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Scientists who study living things organize them into categories based on their relationships. Early classification systems were based simply on how things look. Now scientists focus on genetics, cellular make-up and other more specific things when they classify creatures.
Classification systems include big groups that are subdivided into smaller groups. Here's one way classification might work using cars as an example:
Imagine it's the year 2525. A planet similar to Earth has recently been found in a newly identified solar system in another galaxy. We have sent a space probe with a molecular transport beam to this planet to beam back a variety of different living creatures. Scientists examine the structure of each of these creatures and realize that they need to create a classification scheme to help them compare the alien life forms to each other and discover how they might be related.
The lead scientist sends you illustrations of the organisms and asks you to help develop this classification system. Your role is to study the illustrations and come up with a possible classification scheme based on the information provided about each organism. You'll be asked to explain to the scientific team how and why you organized the creatures this way. Print out these pages and follow the directions to do this activity at home. When you're done, come back to this page to test your newfound knowledge by answering the questions below. (No fair peeking at the answers before you do the activity!)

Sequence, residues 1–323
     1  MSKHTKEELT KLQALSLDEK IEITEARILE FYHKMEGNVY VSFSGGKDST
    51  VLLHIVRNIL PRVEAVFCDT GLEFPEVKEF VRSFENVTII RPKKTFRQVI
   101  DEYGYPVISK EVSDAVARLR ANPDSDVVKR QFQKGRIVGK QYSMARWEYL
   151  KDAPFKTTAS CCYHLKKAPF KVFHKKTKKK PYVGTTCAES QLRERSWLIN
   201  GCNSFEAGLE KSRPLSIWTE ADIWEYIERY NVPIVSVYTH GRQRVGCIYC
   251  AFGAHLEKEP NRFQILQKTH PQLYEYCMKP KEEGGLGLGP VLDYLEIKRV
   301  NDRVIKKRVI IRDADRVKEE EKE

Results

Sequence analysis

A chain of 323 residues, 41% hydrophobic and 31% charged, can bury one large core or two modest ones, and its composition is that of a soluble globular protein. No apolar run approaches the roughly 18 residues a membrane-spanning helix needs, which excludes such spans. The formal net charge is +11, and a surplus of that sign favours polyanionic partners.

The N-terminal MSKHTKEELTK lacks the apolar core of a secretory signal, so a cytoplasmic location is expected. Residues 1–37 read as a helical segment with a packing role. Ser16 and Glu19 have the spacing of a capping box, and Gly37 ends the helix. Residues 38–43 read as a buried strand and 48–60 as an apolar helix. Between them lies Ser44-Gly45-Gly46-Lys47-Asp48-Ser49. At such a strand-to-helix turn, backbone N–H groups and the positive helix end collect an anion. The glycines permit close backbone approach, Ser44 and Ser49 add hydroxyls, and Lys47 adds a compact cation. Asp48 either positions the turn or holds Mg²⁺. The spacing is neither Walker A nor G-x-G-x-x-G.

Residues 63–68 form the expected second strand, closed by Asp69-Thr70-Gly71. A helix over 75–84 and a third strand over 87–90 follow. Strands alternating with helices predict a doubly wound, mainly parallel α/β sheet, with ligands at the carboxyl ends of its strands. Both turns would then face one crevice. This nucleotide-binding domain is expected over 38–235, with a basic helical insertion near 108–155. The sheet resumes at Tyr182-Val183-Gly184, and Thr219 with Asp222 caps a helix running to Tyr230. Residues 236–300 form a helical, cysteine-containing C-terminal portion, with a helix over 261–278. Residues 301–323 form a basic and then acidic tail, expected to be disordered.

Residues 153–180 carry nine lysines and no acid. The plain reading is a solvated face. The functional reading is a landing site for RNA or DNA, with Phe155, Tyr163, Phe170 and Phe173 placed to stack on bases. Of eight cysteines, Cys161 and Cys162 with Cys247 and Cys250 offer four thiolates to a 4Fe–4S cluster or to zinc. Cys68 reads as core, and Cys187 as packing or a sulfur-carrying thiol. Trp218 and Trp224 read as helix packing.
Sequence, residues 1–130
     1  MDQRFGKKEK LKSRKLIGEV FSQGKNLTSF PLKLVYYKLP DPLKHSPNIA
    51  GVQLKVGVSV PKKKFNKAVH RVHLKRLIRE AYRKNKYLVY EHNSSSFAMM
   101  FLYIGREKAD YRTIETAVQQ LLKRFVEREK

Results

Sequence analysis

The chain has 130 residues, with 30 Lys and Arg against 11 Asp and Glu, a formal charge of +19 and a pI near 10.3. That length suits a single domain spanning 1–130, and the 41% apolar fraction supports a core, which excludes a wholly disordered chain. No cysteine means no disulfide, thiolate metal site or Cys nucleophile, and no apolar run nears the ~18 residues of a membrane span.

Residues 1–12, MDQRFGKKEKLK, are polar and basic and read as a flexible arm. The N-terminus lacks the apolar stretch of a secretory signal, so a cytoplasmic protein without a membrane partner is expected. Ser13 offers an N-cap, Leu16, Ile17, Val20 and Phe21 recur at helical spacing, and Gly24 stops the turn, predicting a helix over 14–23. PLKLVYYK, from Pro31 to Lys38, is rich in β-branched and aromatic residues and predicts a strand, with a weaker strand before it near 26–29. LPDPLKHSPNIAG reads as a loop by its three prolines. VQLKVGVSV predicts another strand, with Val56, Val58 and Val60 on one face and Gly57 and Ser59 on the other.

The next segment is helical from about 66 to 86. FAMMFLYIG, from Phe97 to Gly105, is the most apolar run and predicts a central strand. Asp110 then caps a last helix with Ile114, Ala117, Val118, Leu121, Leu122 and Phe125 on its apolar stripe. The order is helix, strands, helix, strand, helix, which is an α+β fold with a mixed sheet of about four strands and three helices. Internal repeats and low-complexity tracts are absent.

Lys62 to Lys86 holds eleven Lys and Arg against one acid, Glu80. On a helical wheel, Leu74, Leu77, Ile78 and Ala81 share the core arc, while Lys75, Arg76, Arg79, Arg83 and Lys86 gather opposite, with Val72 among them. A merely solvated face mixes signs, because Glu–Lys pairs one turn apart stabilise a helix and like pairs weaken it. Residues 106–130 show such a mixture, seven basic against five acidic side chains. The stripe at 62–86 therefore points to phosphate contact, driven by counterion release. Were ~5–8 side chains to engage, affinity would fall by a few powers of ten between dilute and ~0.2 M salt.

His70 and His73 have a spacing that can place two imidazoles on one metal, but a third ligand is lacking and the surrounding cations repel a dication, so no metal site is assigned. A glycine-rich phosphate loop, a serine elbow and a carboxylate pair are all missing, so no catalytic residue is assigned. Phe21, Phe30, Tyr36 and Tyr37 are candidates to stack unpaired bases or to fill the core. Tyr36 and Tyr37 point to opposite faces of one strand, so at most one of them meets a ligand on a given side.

Note: This activity will take 30 minutes to 1 hour.
Note: Be careful handling sharp scissors.
What To Do:
1. Click on the link above for critter cards pages. Print out each page and cut out the cards. Keep the last four cards separate from the others.
2. Study all the cards except the last four, noting similarities and differences among the creatures. Create a table on your paper to help organize what you see. You might have columns to describe bristles, antennae, eyes, etc. You might want to number your cards to help keep track of which you're describing.
3. Now put the cards (except the four you've kept separate) into groups based on the similarities and/or differences you see. Each group should include creatures that have something in common. Now create a new table, listing the traits common to each group you've made.
4. Choose one of the cards from the four you've kept separate. This is a picture of a creature was just beamed back by the space probe and sent to you by the lead scientist. You need to decide where it fits in the group system you've just created. Do you need to make a new group for this creature or can you find some way to fit it into one of your existing groups?
5. Write a brief paragraph explaining your classification scheme, how it works and how easy or hard it is to fit new creatures into it.
This experiment is based on an activity developed by the National Association of Biology Teachers.